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A Sprightly Operetta
By JAMES DAVIS
An ingratiating little operetta of romance, "The Man With a Load of Mischief , " based on a 1924 play by Ashley Dukes, opened last night at the Jan Hus House. Off-Broadway hasn't had an operetta in some time and this one should fill the bill handsomely until one comes along with a Walter Wolfe King and the Shubert chandelier of fond memory.
Days of Romance
'Mischief'' is set in merry olde England of the early 19th Century, when actresses led wicked, adventurous lives and gentlemen's gentlemen had great potential as lovers.
Virginia Vestoff was an attractive and spirited stage star, mistress of a nobleman and anxious to become his ex-mistress. In a wayside inn she meets a man servant who has more charm and grace in his little finger than all the nobles the actress ever dallied with had in their entire bodies.
The man servant is Reid Shelton and he and Miss Vestoff do most of the singing. We liked the way he did a number called "Hulla Baloo Balay" and "Make Way for My Lady." Miss Vestoff breezed through a half-dozen songs. We liked her best in one called "A Wonder."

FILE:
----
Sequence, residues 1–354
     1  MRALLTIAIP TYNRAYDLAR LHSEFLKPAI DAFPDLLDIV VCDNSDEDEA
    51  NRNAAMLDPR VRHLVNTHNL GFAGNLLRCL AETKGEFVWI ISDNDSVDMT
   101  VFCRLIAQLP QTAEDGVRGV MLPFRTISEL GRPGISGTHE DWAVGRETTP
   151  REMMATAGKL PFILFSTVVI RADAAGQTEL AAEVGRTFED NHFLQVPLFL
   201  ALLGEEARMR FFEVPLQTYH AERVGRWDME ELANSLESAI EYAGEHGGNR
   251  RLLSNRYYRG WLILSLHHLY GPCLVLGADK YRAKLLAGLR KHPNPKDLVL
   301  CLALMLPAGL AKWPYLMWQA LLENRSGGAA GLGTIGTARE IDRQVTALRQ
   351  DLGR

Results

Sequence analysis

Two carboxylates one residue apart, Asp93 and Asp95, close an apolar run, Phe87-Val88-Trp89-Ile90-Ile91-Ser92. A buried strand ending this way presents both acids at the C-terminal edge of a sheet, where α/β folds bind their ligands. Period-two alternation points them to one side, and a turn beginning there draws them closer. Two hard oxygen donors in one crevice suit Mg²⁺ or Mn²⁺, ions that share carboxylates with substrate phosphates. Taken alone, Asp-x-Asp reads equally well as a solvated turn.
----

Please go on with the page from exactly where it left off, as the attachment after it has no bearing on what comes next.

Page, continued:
Raymond Thorne was a capable lover-boy and kind of fixer for the noble from whom the actress when AWOL, and Alice Cannon was a personable and frisky maid. Tom Noel and Lesslie Nicol were a good pair as innkeeper and wife.
The book was the work of Ben Tarver. He also collaborated on the lyrics with John Clifton, the composer, Tom Gruenewald was, the director.
Sande Campbell was the musical director (at the piano, we think). Also behind curtains playing the score, were Larry Abel, clarinet and flute, and David Levine at the cello.
All these people apparently worked well together, for "Man With a Load of Mischief" overcame a lot of difficulties that come with trying to put on such a show in the obstacle-Iaden Jan Hus.